Tuesday, June 29, 2010

Low Carb Dieting: The Final Word?

One of my favorite authors is Jonny Bowden, a well-known nutritionist in Southern California. Jonny Bowden wrote the book, "150 Healthiest Foods On Earth" and it is arguably one of the best written publications on the healthiest food choices. I bought several copies earlier this year and gave them to clients and friends. I wrote about his book multiple times on this blog. I read it myself practically every day. It's been my food Bible.

So when I picked up the March/April 2010 issue of Pilates Style, I was thrilled to see a large, feature article by Jonny Bowden. Even better was the fact that the topic is one that is near and dear to my heart: the effectiveness of low carb eating.

I have been on a low carb eating plan for almost two months. I eat very few carbs, most of which are vegetables and nuts. I eat a lot of protein. I don't eat sugar. I like eating this way, although I can't say I'll do it forever. But Jonny Bowden thinks that maybe I should.
And so should everyone else.

Let's start with a little background on the low carb trend.

In 2004, it seemed that low carb diets were at the top of the charts. The Atkins diet had just been shown to produce more weight loss than either a low fat diet or a Mediterranean diet in a study published by the prestigious New England Journal of Medicine. Many other studies around low carb eating showed improvements in triglyceride levels, body composition and reduced risk factors of diabetes.

Low carb was fast becoming the darling of the dieting world. The Zone and The South Beach Diet were both born from the low carb movement. Everyone knew at least one person on Atkins.

And then low carb eating faded, as starches came back en vogue.

According to Bowden, the words "low carb" simply fizzled in the media and in the mainstream. However, Bowden states that, "low carb is wildly effective, perfectly safe and has enormous health benefits." He goes on to say, "Low carb is alive and well, and if you're one the of folks who's historically dismissed it, you may want to take another look."

I've always wondered how low you should go, in terms of carbs. Currently, I eat anywhere from 20 to 40 a day, depending on my physical output and my appetite. The ADA (American Dietetic Association) designates a low carb diet as less than 130 carbohydrates a day. Bowden hardly considers this as "low." But it does provide good framework for a baseline, considering that Americans consume, on average, 300 carbs a day!

Bowden believes that you can get the most of controlled-carb eating and still eat up to 100 carbohydrates a day. He goes on to report that a copious amount of research supports the notion that even a modest reduction in carb intake is enough to stabilize blood sugar, reduce insulin and facilitate weight loss.

In fact, the highlight of the article - in my opinion - is Bowden's statement about simple carb consciousness: "Merely attempting to reduce carbs resulted in vast improvements in weight and overall heath among dieters in several, large scale studies."

One interesting thing that I have noticed in my own low carb eating, is that my mood has shifted dramatically. Once a slave to blood sugar dips and climbs, I am much more stable all day long. I no longer have a need for afternoon caffeine and my energy stays consistently high throughout most days. Bowden says that these improvements are due to insulin sensitivity improvement. He calls it "the dietary trifecta," meaning that insulin is balanced, pounds are being shed and there isn't that ravenous, "I have to eat right now" feeling. I call it pretty darn great.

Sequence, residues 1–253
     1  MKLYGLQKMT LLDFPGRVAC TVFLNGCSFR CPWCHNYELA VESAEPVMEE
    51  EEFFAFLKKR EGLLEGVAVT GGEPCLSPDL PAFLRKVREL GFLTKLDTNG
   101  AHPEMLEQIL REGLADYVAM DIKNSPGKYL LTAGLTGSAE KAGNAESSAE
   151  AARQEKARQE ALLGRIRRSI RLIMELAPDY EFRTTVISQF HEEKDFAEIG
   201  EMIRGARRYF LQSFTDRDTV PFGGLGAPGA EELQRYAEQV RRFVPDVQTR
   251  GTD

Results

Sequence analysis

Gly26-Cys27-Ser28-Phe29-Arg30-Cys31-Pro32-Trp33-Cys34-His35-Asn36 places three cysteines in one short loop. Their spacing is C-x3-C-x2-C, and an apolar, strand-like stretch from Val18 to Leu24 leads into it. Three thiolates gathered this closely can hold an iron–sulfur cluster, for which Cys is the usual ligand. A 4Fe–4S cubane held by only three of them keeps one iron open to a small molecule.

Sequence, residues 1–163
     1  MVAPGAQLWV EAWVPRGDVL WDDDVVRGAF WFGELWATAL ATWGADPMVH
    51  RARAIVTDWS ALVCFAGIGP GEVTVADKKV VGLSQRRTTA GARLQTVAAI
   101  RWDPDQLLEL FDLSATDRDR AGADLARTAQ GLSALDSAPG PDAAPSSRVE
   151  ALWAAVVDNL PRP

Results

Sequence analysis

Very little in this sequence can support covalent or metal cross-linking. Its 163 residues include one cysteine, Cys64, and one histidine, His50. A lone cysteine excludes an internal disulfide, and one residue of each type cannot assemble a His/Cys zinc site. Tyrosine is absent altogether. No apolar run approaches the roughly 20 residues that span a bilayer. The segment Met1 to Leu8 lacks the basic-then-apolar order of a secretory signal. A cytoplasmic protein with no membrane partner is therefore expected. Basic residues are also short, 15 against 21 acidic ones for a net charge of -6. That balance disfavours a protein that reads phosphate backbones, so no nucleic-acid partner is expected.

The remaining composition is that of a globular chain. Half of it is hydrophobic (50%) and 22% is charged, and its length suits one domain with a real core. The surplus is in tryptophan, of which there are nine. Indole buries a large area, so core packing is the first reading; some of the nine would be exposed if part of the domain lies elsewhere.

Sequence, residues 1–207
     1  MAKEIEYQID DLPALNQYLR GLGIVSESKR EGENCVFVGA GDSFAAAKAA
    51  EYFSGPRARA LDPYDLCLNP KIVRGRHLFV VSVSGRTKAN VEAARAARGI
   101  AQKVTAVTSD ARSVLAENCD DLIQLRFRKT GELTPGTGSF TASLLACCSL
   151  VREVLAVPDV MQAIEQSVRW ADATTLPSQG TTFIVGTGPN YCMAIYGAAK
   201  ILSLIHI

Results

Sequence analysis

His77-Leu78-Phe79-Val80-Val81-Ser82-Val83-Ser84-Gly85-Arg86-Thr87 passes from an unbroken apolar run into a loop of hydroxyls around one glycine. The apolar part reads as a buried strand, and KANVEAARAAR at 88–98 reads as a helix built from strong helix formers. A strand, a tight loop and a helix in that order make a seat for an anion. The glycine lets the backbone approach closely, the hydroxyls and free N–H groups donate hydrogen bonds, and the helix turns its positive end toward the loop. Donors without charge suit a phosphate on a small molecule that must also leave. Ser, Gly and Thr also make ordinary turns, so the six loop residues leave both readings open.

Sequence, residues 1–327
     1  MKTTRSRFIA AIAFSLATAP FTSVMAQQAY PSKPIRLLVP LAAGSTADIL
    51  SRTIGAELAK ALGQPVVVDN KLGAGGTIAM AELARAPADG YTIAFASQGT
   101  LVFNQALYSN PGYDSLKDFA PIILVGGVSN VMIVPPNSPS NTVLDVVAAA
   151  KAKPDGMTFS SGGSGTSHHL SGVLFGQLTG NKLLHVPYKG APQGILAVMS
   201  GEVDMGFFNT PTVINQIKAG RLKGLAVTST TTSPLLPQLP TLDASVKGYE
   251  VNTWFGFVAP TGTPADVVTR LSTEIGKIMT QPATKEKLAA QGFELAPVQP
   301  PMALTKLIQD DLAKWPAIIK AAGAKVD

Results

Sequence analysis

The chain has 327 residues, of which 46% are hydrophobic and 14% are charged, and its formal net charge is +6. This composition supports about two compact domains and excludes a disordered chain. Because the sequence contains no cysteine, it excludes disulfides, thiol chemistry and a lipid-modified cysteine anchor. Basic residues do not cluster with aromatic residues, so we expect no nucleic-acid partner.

To tie the issue up with the largest, prettiest bow possible, take note of this next finding. Bowden concludes the article by saying, "Remember, hard as it is to believe, your body has no physiological requirement for carbohydrates." If you're looking to lose weight, Bowden advises to get the vast majority of your carbs from vegetables and fruits, and not from pasta, rice, bread, baked goods, cereal and desserts.

The blueprint for weight loss, Bowden says, is this:

Carbohydrates: 100 to 130 a day (endless amounts of vegetables and berries and some melon)

Protein: 100 to 120 grams a day (poultry, seafood, lean cuts of red meat)

Fat: 60 grams ("good" fats such as olive oil, nuts, flax and avocado)

I was completely encouraged and heartened by this article. It's good to know also, that I can start to increase my carb consumption without giving up the many health benefits that I'm already experiencing.

My advice to my clients, based on this research, is to experiment with low carb eating as it seems appropriate. A gentle start might be replacing your lunch time sandwich with a salad and some protein. Gradually try weaning off of morning cereal and opt for high quality protein sources such as eggs or cottage cheese.

One meal at a time, one day at a time. Always the best approach to any successful dieting program!

Thursday, June 24, 2010

Week 5: Life in Kitosis: I Have To Do What With That Stick?

It has been two solid weeks of extreme low carb living. Add those two weeks to the previous three weeks of grain-free eating. So, yes, you've done the math correctly: I have abandoned every culinary treat imaginable for five. long. weeks.

Can I get a collective sigh of sympathy?

Thanks. Now, let me share the news of Week Five.

The first ten days of the "true" low carb plan were a nightmare; the last four have been much more do-able. I think my mind is finally embracing this new way of living; now if my body would only follow!

My doctor put me on such an absurd dose of thyroid medication that I stopped sleeping. I was wired for days. I'm not normally one to deviate from a doctor's orders but after seeing him a second and a third time this month - with the same instructions: "Keep the dose where it is," I took matters into my own hands and sliced all those speed pills in half.

Now I am trying to compensate for the loss of synthetic energy by taking my body into a state of ketosis. Of course, this is all under the careful guidance of my nutritionist, Sydney. Along with a list of "approved" foods (select vegetables, some protein and a whole lot of water), she gave me a testing kit for keytones. Which is kinda like a home pregnancy test. Same procedure, at least.